On Aug 1, 2019, at 06:00 , Steve Mills via Groups.Io <sjmills@...> wrote:

From what I've experienced and read, that only helps for reopening docs on app launch, not on opening docs once launched. The OS only stores info for docs that were open when the app exits so it can restore the app to the same state (as long as you have "Close windows when quitting an app" turned off in System Prefs).

No, the window autosave name predates state restoration by a lot of years. IIRC, the behavior breaks down like this:

1. Window restoration (if enabled) overrides everything else, for windows that are being re-opened at launch.

2. Otherwise, the autosave frame is honored when a window of that type (a window having that autosave name) is opened. 

3. Depending on the rest of the window configuration, multiple windows of the same type may be cascaded when opened.

4. Document windows are generally all of the same type, so there is no standard per-document behavior. If you want documents to return to their original frame when opened, you must store the frame in the document and set the window frame manually.

#4 is a bit tricky when you’re using state restoration, because documents are opened via your regular code path before the restoration frame is applied. You have to be careful to avoid dueling frames producing strange results.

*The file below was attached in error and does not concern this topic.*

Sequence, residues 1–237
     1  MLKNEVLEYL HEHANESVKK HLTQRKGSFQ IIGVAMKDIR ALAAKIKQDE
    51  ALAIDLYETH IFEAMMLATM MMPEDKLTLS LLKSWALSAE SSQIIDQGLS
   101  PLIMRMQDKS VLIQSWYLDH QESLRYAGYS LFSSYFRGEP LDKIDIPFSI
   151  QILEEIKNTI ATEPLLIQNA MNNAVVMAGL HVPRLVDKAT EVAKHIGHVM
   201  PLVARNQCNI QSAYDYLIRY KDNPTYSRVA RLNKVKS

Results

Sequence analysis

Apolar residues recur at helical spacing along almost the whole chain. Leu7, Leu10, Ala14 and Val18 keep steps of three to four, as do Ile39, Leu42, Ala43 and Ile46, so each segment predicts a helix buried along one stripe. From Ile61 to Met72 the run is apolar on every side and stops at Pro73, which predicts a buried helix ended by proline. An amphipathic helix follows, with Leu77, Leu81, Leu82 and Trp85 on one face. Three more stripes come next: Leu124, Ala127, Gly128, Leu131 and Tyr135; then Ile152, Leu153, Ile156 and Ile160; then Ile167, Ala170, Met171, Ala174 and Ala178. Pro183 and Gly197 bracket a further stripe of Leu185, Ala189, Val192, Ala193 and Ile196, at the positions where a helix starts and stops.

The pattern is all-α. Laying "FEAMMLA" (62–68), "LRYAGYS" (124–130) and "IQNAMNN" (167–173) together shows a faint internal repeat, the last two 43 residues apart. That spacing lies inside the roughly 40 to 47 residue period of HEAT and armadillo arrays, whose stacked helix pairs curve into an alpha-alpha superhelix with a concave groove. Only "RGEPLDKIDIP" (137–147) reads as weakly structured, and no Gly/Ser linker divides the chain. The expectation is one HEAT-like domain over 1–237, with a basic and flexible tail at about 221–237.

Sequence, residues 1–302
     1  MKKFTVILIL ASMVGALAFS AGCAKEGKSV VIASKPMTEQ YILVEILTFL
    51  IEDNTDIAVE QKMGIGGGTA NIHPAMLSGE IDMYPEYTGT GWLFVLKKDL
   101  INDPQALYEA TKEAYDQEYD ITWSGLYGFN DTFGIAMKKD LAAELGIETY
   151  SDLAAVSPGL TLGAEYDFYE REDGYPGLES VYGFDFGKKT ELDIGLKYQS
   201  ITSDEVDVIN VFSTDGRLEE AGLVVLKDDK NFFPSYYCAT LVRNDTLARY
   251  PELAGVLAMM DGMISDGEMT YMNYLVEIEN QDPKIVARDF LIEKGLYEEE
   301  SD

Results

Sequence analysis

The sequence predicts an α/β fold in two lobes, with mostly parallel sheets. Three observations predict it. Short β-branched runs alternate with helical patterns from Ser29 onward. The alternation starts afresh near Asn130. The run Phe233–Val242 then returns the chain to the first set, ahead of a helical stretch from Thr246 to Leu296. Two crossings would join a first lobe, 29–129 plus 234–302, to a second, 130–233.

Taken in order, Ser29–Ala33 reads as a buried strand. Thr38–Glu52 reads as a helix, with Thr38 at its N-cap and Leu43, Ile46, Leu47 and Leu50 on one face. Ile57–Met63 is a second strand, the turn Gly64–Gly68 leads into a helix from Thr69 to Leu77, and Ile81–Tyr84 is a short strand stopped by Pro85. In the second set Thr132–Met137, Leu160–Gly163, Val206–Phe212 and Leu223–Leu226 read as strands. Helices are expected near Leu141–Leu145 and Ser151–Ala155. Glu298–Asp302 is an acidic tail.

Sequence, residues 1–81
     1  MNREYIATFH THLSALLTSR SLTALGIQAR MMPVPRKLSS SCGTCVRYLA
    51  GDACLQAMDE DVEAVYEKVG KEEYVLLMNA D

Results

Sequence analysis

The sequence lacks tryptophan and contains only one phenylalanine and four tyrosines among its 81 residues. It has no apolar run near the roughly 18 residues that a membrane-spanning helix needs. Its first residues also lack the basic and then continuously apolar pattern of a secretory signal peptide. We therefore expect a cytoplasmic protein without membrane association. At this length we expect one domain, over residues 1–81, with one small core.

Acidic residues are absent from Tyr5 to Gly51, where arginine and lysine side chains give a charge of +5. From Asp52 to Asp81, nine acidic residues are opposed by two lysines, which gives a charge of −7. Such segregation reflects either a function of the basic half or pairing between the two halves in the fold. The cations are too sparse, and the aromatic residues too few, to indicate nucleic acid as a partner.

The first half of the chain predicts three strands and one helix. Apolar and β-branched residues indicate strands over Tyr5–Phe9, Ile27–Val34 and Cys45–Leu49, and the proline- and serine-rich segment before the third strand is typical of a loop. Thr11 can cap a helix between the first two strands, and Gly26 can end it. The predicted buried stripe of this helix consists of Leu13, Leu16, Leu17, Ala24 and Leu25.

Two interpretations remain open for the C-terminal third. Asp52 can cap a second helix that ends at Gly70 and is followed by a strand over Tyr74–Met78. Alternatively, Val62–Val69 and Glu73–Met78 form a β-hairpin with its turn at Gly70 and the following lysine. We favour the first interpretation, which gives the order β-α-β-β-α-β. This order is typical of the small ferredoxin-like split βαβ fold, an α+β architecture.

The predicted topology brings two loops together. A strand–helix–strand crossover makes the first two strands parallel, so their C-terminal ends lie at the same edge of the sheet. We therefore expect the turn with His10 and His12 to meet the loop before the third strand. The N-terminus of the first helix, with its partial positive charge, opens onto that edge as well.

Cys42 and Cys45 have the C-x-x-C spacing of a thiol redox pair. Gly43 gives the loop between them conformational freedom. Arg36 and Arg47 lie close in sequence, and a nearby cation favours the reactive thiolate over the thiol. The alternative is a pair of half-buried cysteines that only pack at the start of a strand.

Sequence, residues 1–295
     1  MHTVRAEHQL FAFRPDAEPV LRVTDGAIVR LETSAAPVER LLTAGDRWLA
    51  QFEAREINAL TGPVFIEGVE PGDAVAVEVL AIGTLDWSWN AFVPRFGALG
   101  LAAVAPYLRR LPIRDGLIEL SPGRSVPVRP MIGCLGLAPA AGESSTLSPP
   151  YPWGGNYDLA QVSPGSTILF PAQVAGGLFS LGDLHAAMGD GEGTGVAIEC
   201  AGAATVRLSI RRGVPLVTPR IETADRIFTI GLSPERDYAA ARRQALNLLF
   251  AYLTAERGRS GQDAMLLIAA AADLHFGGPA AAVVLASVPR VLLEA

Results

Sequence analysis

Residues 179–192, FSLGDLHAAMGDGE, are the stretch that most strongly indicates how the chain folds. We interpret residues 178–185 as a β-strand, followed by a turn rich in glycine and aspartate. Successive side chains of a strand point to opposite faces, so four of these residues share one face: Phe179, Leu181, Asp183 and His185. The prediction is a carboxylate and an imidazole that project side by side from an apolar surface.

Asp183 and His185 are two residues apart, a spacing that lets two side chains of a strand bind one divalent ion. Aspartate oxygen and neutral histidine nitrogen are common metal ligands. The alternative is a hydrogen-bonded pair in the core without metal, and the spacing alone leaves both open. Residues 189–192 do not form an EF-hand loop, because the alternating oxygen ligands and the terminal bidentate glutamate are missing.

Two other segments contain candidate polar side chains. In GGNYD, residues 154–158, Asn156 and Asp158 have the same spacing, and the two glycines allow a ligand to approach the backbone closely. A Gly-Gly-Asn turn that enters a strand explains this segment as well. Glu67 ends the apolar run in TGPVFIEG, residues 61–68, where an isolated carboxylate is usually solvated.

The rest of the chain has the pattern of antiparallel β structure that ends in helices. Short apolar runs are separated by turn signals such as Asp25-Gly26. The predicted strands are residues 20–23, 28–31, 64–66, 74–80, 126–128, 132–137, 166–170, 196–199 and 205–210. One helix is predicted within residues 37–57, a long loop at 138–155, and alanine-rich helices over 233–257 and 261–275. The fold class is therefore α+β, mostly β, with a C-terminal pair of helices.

Another complication with #4 is that you’re on the hook to deal with changes in monitor configuration. If the screen sizes changes, or screens are added or removed, before the document is re-opened, you have to reposition the document sensibly. Built-in mechanisms for positioning the window do this for you in cases #1-#3.

Yet another complication is the problem of what to do about read-only documents (or editable documents that aren’t dirty). Saving the window frame means you have to change the document file, so you’ll need to save and restore the file’s modification date around the change (if you can), or discard the frame (if you can’t).


Steve Mills
 

On Aug 1, 2019, at 09:30:12, Quincey Morris <quinceymorris@rivergatesoftware.com> wrote:

4. Document windows are generally all of the same type, so there is no standard per-document behavior. If you want documents to return to their original frame when opened, you must store the frame in the document and set the window frame manually.

#4 is a bit tricky when you’re using state restoration, because documents are opened via your regular code path before the restoration frame is applied. You have to be careful to avoid dueling frames producing strange results.
I got it to work by calling the window's restoreStateWithCoder: instead of the document's.

Another complication with #4 is that you’re on the hook to deal with changes in monitor configuration. If the screen sizes changes, or screens are added or removed, before the document is re-opened, you have to reposition the document sensibly. Built-in mechanisms for positioning the window do this for you in cases #1-#3.
In my tests, it takes care of this and repositions the window so it's on the currently available screen[s] if the previous screen is not available.

Yet another complication is the problem of what to do about read-only documents (or editable documents that aren’t dirty). Saving the window frame means you have to change the document file, so you’ll need to save and restore the file’s modification date around the change (if you can), or discard the frame (if you can’t).
Not a problem. If the doc file's locked, I ain't changin' nothing'!

--
Steve Mills
Drummer, Mac geek